NO OPPOSITION FILED
Judy Guzman, the Claimant herein, alleges in Claim Number 109912 that
Defendant's agents failed to provide her with adequate and timely medical care
while she was incarcerated at various correctional facilities, in the custody of
the New York State Department of Correctional Services [ hereafter DOCS].
Specifically, she states that she received ". . . inadequate medical treatment
from October 2003 to the present . . ." after an injury she suffered to her knee
at a farm work program in September 2003. [See Claim No. 109912, ¶¶ 2
and 3]. She also indicates that Defendant's agents were negligent in failing to
provide a safe work environment in the first instance, in failing to provide
proper training to inmates new to farm work, failing to post warning notices
concerning dangers involved in farm work, and in failing to remove claimant from
the work crew once she was injured, but these allegations are not specific as to
any time frame. Notably, the last date of medical treatment alleged in the
claim is April 2004.
She states that a Notice
of Intention was served on July 6, 2004, but no copy of same is appended.
The Claim itself was served upon the Office of the Attorney General on October
1, 2004. [See Exhibit 1 Affirmation in Support]. The claim was filed in
the Office of the Chief Clerk of the Court of Claims on October 1, 2004. An
affidavit of service filed by Claimant indicates that the Claim was served upon
the Attorney General by certified mail, return receipt requested as required.
Court of Claims Act §11; 22 NYCRR §206.5(a).
The Defendant moves to dismiss the Claim based upon a failure to timely serve
the Defendant and to timely file the Claim. Court of Claims Act §§10
and 11. Based upon the actual facts stated in the claim, it accrued at the
latest on April 29, 2004, and was served on the Attorney General's Office on
October 1, 2004: more than ninety (90) days after the accrual date. Court of
Claims Act §10(3). Although the allegation that a notice of intention was
served upon the Attorney General is contained in the claim, there is no proof of
such service in order to toll the period of limitations allowed.
Additionally, and as argued by the Assistant Attorney General, the Claimant
cannot avail herself of the continuous treatment doctrine, to further extend the
time period within which her claim should have been served and filed "to the
present" as averred in her claim, particularly because she does not allege any
action by Defendant's agents beyond April 2004.
Under the continuous treatment doctrine, the time in which to bring a
malpractice action is stayed "when the course of treatment which includes the
wrongful acts or omissions has run continuously and is related to the same
original condition or complaint." Borgia v City of New York, 12 NY2d 151,
155 (1962). The underlying principles behind the application of the doctrine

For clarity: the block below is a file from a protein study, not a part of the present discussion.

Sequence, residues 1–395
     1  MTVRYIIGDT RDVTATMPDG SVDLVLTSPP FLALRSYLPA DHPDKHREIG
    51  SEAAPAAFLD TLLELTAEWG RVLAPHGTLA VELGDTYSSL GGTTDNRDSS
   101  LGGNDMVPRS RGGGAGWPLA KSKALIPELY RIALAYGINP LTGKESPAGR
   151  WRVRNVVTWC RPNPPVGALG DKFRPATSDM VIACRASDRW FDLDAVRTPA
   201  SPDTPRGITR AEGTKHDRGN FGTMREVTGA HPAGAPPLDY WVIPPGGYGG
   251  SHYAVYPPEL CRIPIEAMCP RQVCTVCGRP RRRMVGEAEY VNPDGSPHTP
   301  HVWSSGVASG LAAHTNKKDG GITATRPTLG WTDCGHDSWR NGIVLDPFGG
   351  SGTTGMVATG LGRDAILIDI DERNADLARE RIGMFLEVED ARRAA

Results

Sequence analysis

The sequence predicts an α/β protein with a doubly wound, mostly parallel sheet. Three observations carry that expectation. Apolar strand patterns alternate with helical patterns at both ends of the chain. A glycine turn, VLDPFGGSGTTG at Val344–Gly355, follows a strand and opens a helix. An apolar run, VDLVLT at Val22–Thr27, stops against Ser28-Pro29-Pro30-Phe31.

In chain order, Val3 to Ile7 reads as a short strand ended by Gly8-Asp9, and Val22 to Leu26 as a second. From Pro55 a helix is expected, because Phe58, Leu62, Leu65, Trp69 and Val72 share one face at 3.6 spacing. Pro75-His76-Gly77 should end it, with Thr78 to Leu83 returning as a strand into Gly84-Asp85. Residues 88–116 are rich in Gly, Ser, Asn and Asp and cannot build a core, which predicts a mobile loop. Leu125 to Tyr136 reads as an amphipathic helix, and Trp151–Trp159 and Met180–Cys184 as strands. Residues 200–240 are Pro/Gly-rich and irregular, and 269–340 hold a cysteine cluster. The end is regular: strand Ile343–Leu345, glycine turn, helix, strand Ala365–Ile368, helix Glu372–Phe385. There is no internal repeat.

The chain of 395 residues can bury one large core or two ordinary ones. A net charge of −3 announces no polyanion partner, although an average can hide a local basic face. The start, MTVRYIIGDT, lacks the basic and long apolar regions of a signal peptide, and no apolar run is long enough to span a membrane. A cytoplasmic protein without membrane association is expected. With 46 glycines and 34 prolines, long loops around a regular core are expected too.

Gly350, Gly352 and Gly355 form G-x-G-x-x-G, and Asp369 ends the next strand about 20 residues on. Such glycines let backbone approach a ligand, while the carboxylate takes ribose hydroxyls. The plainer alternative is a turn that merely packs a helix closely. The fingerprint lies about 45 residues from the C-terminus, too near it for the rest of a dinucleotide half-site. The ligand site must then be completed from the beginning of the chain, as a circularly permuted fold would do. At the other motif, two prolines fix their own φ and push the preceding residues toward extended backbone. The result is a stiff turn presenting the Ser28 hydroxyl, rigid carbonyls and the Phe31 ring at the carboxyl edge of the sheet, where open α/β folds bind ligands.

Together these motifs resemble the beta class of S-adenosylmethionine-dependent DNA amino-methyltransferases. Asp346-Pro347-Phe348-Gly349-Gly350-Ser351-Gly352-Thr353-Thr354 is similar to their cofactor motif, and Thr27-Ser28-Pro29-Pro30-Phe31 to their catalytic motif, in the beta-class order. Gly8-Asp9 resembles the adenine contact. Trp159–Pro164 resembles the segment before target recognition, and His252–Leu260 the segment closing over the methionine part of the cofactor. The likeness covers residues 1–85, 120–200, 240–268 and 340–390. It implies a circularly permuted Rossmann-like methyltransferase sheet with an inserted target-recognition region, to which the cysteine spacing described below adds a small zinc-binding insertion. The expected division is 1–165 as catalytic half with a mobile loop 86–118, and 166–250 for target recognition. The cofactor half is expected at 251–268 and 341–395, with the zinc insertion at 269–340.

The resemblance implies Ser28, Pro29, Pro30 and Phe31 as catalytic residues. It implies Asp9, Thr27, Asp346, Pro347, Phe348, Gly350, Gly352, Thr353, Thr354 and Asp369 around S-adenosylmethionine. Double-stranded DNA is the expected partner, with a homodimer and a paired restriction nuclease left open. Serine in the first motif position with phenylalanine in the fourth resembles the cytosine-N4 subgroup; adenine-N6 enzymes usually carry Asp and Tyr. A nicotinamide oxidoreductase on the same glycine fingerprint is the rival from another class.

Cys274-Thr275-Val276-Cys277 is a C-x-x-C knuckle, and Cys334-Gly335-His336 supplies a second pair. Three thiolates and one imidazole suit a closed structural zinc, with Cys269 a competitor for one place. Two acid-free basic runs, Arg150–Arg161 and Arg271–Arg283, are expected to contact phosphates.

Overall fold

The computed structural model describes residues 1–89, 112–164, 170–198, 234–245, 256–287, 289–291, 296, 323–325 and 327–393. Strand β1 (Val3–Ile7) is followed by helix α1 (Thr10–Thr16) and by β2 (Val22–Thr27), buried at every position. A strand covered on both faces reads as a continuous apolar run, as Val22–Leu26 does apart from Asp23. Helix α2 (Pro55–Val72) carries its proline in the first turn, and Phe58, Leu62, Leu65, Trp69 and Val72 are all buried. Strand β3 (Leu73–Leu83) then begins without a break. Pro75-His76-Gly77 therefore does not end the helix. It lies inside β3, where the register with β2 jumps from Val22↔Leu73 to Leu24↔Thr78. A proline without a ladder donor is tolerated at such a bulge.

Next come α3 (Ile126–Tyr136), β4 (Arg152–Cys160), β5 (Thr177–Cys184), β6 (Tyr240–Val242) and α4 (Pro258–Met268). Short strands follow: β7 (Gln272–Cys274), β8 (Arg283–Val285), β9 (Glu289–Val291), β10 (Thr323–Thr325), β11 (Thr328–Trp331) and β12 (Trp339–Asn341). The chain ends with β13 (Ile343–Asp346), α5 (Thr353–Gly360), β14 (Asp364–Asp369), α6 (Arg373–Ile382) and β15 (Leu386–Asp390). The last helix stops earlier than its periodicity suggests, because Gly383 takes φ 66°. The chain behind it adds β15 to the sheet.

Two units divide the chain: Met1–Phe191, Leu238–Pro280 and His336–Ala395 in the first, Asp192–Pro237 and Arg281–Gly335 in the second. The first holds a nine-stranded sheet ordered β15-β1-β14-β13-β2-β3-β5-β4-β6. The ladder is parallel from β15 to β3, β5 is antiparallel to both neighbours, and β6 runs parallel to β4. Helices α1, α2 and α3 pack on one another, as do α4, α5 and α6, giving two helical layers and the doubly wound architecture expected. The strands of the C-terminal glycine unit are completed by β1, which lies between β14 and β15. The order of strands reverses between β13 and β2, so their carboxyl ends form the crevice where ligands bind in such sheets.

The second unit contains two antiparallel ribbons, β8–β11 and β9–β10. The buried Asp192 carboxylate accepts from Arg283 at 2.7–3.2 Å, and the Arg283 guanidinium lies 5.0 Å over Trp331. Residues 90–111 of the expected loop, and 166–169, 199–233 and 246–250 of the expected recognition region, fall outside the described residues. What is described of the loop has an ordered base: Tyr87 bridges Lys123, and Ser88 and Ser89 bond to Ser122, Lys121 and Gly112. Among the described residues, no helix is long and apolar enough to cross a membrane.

are two-fold: first, it is in the patient's best interest to continue ongoing
medical treatment and second, the initial medical practitioner is in the best
position to identify and correct his own malpractice. See Nykorchuck v
Henriques, 78 NY2d 255, 258-259 (1991); Toxey v State of New York,
279 AD2d 927, 928 (3d Dept 2001), lv denied 96 NY2d 711 (2001). Indeed,
when a notice of intention is served - the "initiation of the legal process" -
any continued relationship of trust between doctor and patient is severed.
Toxey v State of New York, supra, at 928-929.
Moreover, when the continuing treatment is provided by someone other than the
allegedly negligent practitioner there must be an agency or other relevant
relationship between the health care providers. Meath v Mishrick, 68 NY2d
992, 994 (1986); McDermott v Torre, 56 NY2d 399, 403 (1982). Common
ownership of correctional facilities by the Defendant is insufficient to trigger
the continuous treatment doctrine. Allende v New York City Health and
Hospitals Corporation, 90 NY2d 333, 340 (1997).
As noted by the Assistant Attorney General, the doctrine is inapplicable to the
lack of medical treatment. See Francis v State of New York, Claim
No. 108347, Motion No. M-67697, UID No. 2003-019-577 (Lebous, J., December 22,
This defense concerning the statute of limitations has been raised with
sufficient particularity in a pre-answer motion as required by Court of Claims
Act §11(c), and the cases decided thereunder. See Knight v State
of New York; 177 Misc 2d 181 (Ct Cl 1998).
Because the applicable statute provides ". . . no judgment shall be granted in
favor of any claimant unless such claimant shall have complied with the
provisions of this section applicable to his claim . . ." [ Court of Claims Act
§10], the provisions concerning service and filing have been strictly
construed. See e.g. Welch v State of New York, 286 AD2d
496, 729 NYS2d 527, 529 (2d Dept 2001); Conner v State of New York, 268
AD2d 706, 707 (3d Dept 2000).
Accordingly, Defendant's motion to dismiss based upon a failure to serve and
file the claim within the statute of limitations period, is hereby granted, and
Claim Number 109912 is dismissed in its entirety.